Republican candidates in the primary race for Arizona House Legislative District 11 are focusing on education, taxes and land use.
The district, which encompasses parts of northern Pima County, including Oro Valley and Marana, and portions of Pinal County, including Saddlebrook and Maricopa, is currently represented by Republicans Adam Kwasman and Steve Smith. Kwasman is now running for Congress, while Smith is vying to become a state senator.
Two of the three Republicans competing for the vacant seats are relatively newcomers to state politics.
Realtor Mark Finchem is running on the same ticket as Vince Leach, a retired businessman. Jo Grant, however, spent 30 years as a staff member in the Arizona Legislature, and is a member of the Amphitheater School District governing board.
Grant said education is her top priority.
“I believe the number one investment the state can make is education," she said. She wants to see well-funded primary and secondary schools, career and technical schools and community colleges and universities.
She said she’s disappointed that legislators didn’t follow a voter mandate to provide inflation funds to schools, and that the state will now need to make sacrifices to comply with an order to pay $317 million to its school system.
“This should have been done three years ago," she said. "And instead now, it’s just compounded and compounded and the problem has gotten worse. They have spent all of this money on lawyers fees and court fees which could have gone into the classroom.”
Finchem said be believes it's a misnomer to say the Legislature has to repay the inflation funds.
"It's the tax payers that pay it," he argued. "Because the Legislature has no money that the taxpayers don't give it."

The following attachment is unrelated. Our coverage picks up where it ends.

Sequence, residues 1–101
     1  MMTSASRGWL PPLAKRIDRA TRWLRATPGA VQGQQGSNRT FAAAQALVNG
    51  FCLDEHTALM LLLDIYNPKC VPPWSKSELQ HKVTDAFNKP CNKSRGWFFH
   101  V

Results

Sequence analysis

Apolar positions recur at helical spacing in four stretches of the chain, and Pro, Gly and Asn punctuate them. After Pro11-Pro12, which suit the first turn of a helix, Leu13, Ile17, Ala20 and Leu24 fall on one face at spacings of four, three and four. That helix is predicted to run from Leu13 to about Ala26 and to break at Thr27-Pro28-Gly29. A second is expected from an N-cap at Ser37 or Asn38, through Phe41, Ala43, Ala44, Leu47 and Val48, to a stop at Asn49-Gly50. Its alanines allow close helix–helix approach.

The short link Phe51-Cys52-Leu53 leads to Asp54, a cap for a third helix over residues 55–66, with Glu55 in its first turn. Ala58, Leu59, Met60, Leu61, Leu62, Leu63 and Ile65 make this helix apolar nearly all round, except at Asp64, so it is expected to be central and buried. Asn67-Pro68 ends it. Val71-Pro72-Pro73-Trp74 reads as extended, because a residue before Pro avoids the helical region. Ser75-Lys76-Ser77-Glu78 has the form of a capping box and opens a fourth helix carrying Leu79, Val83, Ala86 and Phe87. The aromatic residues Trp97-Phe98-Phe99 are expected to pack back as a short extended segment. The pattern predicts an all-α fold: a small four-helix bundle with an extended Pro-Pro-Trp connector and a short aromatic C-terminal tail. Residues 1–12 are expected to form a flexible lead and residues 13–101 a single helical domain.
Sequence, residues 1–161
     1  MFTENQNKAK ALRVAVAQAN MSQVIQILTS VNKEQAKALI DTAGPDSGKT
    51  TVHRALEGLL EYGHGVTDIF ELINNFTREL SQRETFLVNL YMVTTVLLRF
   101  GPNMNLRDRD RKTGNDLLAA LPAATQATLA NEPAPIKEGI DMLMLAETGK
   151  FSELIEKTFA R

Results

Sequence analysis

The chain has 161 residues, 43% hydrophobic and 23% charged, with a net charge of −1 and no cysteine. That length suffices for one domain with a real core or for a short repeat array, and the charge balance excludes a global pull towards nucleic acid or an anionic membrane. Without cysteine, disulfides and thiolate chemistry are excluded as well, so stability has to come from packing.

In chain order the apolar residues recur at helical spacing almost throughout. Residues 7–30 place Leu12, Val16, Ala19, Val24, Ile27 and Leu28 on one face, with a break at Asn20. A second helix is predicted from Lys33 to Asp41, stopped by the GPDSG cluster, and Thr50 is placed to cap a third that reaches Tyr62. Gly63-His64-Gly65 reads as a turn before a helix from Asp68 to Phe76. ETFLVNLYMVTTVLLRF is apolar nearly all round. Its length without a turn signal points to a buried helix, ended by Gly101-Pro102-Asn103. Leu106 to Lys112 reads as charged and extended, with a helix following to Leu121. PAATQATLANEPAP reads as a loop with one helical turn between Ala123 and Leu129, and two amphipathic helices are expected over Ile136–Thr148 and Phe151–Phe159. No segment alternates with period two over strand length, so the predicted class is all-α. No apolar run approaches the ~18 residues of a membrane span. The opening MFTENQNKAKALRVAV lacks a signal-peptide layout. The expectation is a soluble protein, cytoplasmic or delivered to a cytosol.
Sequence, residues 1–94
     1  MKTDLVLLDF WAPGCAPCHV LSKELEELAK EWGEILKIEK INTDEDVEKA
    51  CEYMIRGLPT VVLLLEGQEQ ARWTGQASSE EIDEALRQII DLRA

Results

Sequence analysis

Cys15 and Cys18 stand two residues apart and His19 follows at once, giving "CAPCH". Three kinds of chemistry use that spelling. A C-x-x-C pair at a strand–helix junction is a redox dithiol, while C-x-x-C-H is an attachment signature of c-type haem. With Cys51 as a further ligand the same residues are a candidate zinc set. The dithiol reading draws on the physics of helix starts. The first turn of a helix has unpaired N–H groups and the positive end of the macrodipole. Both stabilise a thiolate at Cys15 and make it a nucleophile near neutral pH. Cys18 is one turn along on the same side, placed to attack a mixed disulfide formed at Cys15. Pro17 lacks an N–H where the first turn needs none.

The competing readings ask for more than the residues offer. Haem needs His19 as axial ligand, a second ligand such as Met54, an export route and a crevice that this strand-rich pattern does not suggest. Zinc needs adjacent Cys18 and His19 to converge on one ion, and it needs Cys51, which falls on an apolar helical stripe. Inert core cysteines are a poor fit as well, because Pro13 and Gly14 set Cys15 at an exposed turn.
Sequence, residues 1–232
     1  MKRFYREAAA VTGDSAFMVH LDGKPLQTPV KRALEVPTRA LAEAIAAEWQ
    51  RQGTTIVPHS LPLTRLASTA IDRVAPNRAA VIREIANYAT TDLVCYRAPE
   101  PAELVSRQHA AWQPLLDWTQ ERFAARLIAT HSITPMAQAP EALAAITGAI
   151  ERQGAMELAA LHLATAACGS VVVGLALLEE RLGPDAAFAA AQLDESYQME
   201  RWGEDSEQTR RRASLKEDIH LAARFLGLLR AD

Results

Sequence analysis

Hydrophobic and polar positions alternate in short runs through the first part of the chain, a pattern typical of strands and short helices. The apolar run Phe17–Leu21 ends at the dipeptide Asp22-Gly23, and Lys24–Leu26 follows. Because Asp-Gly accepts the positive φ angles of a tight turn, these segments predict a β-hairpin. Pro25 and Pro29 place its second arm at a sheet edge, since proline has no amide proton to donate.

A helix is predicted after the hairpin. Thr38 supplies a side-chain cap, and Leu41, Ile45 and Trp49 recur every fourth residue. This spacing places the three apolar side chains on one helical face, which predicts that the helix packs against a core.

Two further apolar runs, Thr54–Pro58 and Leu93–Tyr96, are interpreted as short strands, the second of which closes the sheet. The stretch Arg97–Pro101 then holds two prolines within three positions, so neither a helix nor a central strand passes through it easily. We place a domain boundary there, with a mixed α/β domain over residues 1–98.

Finchem said the state and federal government are too big and regulation is hindering economic development in the state.
“Sometimes the best thing the government can do is nothing. Stay out of the way," he said.
Finchem and Vince pointed out that around 19 percent of Arizona's land is in private hands. The two candidates would like the Arizona State Land Department and other government agencies to sell public lands to open the state industry.
“We have forests, we have the forest industry that we could bring back," Leach said. "We had the federal government take out one million acres of land for mining. Arizona is blessed with resources and by the stroke of the pen they took all of that off the table.”
Leach is an advocate for the mining industry, and said the proposed Rosemont mine near Tucson and the Resolution mine near Superior in Pinal County would bring needed jobs to the state.
Leach also supports the elimination of corporate income taxes.
"Taxes on business are a cost of doing business," he said. "And a cost of doing business is passed on to who? You and I. You can tax, tax, tax, and we’ve seen what the U.S. tax rate has done to our businesses. And they are fleeing to other parts of the world, taking their dollars with them in an effort to flee that tax. So I would not be for an increase, in fact I’d be for a reduction and elimination.”
Finchem also thinks corporate income tax needs to go.
“I don’t know of a single corporation that doesn’t pass that tax onto the consumer," he said. "So lets be real about taxation, lets be transparent about taxation. Let’s not hide the fact that we are levying a tax that ultimately the consumer pays for."
Grant disagreed, saying she thinks taxes on businesses are already low enough and that there’s nowhere left to cut.
“I don’t think taxes are the only things they look at. Again we’re back to education. Businesses, they want to make sure that they can find employees that can come and work for them," she said.
The two candidates with the most votes will advance to the November general election, and will face off against Democrat Holly Lyon.